(read the review) If you thought Cricket's coverage was limited, check out Metro's map. It's been long speculated that the two companies would join forces, because they both have limited coverage areas, but don't seem to overlap. Anyway, although we love the flat-rate unlimited plans, Metro simply won't do if you're traversing the country.
(read the review) And we have yet another MVNO using the Sprint PCS coverage map. So you basically know what to expect at this point. Mojo is also a pay-as-you-go service, so you'd expect us to not recommend it and move on. However, their minutes plans are intriguing. For $30 you get 140 anytime minutes and unlimited nights and weekends. Can you find better? Probably. But this is one of the better options for strict pay-as-you-go.
(read the review) Look at Net10's coverage map. Look familiar? You can definitely guess which it is by now. Like many services, they are strictly pay-as-you-go. But at 10 cents per minute and 5-cent text messages, it might be worth your while. You could certainly do worse.
(read the review) Omni seems to have a hybrid coverage map, borrowing some from Sprint and what looks like some from Verizon, but it could be Alltel. The catch is that their phones are so old (refurbished models) that they have certain ones that only work in parts of Florida, Texas, and Wisconsin. Even if you get one of the “better” phones, your coverage isn't full. In fact, the majority of Texas isn't covered at all, as well as the coast of North Carolina. So regardless of plans, this probably isn't the best service for travel.
(read the review) You have to check individual states to see Page Plus's coverage, but from clicking around a bit it seems quality. They are strictly pay-as-you-go, but you can get decent deals, like the $50 card that gets you 700 anytime minutes. If you jabber a lot on nights and weekends it might not fit you, but otherwise it seems fine.
(read the review) As far as coverage map goes, Simple Freedom works off Alltel, so you know you're getting quality service. They're pay-as-you-go, and although we've found some good deals in that realm earlier, 15 cents per minute just doesn't fly.
(read the review) STi is another company with what looks to be a hybrid coverage map, as it has few areas with no coverage. Some of their areas even have 3G capabilities, which give STi a leg up. As for their pay-as-you-go rates, they're not terrible: 10 cents per minute or 7.9 cents per minute. The catch: 10 cents and 25 cents per day access fees. They do have a sorta flat rate plan: $50 per month for unlimited nights and weekends and 10 cents a minute with no access fee. So they're not terrible. But if you're traveling a lot, we still like flat rate plans.
(read the review) T-Mobile has a comprehensive coverage map, but is strongest in Vermont and in the midwest. Now, we're not saying that these aren't hot travel destinations. We're just saying that people who travel frequently usually hit metropolitan areas, and T-Mobile's coverage in those areas isn't exactly the best. Their plans are decent, but we're talking about people who travel frequently, and without a coverage map that includes major cities, the service won't work out as well as others.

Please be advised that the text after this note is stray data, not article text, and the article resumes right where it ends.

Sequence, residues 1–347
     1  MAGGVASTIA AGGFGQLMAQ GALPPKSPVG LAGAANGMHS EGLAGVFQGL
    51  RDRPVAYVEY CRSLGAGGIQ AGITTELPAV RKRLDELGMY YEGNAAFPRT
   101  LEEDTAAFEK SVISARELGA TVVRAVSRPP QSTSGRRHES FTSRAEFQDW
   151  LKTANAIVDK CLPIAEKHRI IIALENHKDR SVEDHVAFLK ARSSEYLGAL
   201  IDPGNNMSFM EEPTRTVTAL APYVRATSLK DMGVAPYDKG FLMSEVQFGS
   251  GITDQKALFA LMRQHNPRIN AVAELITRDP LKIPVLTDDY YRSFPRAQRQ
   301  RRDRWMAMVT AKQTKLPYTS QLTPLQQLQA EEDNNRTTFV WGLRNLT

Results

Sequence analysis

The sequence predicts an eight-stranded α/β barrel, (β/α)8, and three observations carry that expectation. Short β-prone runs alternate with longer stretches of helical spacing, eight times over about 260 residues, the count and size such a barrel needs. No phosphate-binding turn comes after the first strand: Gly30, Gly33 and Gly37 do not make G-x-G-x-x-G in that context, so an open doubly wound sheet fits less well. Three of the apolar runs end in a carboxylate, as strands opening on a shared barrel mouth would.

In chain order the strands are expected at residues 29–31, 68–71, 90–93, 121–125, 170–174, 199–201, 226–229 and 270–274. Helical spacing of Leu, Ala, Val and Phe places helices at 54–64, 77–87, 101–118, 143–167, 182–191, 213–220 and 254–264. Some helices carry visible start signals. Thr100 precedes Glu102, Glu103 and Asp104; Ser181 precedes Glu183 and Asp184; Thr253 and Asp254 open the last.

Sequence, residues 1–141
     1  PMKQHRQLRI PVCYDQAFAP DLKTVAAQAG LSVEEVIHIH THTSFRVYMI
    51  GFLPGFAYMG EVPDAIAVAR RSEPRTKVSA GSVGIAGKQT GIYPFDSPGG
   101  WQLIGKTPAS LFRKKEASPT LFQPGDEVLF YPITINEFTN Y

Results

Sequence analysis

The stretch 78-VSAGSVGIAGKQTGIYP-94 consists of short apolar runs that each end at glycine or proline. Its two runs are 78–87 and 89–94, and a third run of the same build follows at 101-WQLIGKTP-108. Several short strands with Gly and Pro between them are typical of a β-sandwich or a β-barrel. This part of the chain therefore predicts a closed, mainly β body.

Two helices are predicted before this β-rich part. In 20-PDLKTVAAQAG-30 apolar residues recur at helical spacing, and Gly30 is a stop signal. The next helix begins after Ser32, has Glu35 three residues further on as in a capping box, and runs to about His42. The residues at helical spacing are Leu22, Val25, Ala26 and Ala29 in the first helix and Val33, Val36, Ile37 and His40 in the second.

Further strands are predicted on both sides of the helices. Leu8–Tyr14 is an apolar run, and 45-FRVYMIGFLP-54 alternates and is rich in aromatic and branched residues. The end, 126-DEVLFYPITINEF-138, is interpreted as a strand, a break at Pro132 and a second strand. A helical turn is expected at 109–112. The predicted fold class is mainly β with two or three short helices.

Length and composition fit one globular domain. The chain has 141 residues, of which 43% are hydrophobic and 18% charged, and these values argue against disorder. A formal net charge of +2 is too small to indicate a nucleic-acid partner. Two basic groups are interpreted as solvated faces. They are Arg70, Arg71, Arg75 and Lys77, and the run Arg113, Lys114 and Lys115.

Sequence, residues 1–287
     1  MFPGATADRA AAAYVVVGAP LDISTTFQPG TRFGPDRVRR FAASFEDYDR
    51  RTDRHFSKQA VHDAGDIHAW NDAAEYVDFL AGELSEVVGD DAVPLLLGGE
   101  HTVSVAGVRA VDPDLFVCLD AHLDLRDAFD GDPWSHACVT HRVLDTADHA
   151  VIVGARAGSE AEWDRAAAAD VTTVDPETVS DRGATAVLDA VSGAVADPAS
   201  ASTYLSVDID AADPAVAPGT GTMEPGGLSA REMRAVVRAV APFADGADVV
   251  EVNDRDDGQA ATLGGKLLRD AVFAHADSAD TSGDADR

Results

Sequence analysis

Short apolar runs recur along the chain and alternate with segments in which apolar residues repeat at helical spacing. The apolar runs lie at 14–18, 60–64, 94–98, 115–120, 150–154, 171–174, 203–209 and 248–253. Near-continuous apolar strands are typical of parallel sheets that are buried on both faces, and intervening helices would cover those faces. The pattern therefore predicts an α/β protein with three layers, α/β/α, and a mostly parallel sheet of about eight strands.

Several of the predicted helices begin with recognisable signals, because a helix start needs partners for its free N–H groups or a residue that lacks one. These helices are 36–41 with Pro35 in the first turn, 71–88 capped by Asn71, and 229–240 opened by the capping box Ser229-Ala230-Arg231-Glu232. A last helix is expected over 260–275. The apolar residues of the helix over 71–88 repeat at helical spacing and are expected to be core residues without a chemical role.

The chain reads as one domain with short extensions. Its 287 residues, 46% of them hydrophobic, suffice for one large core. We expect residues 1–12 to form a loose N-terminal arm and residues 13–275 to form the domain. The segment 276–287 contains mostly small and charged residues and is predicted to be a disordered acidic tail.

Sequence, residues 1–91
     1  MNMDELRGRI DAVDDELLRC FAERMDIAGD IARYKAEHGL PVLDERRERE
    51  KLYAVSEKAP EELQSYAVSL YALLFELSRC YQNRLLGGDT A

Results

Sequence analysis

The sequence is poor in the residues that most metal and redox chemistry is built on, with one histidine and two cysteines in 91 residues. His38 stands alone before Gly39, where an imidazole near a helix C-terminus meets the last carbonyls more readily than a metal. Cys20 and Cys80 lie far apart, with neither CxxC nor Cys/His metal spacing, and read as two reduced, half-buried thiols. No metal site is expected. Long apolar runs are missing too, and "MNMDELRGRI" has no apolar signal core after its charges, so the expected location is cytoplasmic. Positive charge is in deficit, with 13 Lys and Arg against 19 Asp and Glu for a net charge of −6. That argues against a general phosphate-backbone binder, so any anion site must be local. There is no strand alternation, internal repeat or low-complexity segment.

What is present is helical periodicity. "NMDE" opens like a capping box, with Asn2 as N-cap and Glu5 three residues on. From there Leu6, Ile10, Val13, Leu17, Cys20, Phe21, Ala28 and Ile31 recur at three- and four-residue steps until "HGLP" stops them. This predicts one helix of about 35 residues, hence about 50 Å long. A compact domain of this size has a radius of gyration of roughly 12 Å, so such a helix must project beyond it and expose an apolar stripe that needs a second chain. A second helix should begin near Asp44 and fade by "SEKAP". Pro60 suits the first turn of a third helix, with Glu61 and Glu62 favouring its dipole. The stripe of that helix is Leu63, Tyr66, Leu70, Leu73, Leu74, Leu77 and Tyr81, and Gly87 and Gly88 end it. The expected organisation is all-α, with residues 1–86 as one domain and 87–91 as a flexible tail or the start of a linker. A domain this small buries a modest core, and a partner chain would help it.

(read the review) If you've seen Net10's coverage map, you've seen Tracfone's, too. They work off the same network, just provide a different kind of service. And yeah, you can use Tracfone's pay-as-you-go service to your advantage, as they have a gamut of options. However, if it's simplicity you seek, you might want to try another service. As we said, pay-as-you-go probably isn't optimal for a domestic traveler. But if you want a challenge, see what you can do with Tracfone. You can definitely manipulate it to your advantage.
(read the review) US Cellular has an enormous coverage area. You might not be able to purchase and activate the service everywhere, but wherever you're traveling you'll be able to use it. They also have a flurry of plans to choose from, almost all of which have free incoming calls and unlimited nights and weekends. So if you live in one of their home calling areas and you travel a lot, we would definitely recommend US Cellular.
(read the review) This is along the same lines as Locus, where the coverage is borrowed from a variety of other networks. However, unlike the hybrid networks like STi, you can only use one at a time, which pretty much negates any advantages offered by using multiple networks.
(read the review) We all know about Verizon's national coverage area. They say it's the best in the nation — though AT&T and Alltel have something to say about that. Anywho, you know you're getting good coverage, so let's move to plans. Truth be told, we're not too fond of their pay-as-you-go service. Anything with a $1 per day access fee rubs us the wrong way. Their EasyPay plans are very limited in options, but those that do exist mimic that of AT&T, Alltel, etc. If you like the plans, you'll like the coverage.
(read the review) Sprint coverage means nationwide coverage, and that's what Virgin has. We're no fans of their per-minute plans, but their monthly plans might serve you well. Everything from $35 up has a ton of night and weekend minutes, and we particularly like the $60 plan that gives you 600 anytime minutes and unlimited nights and weekends.
(read the review) So their coverage map appears not to be working. Too bad for Xtreme — a missed opportunity.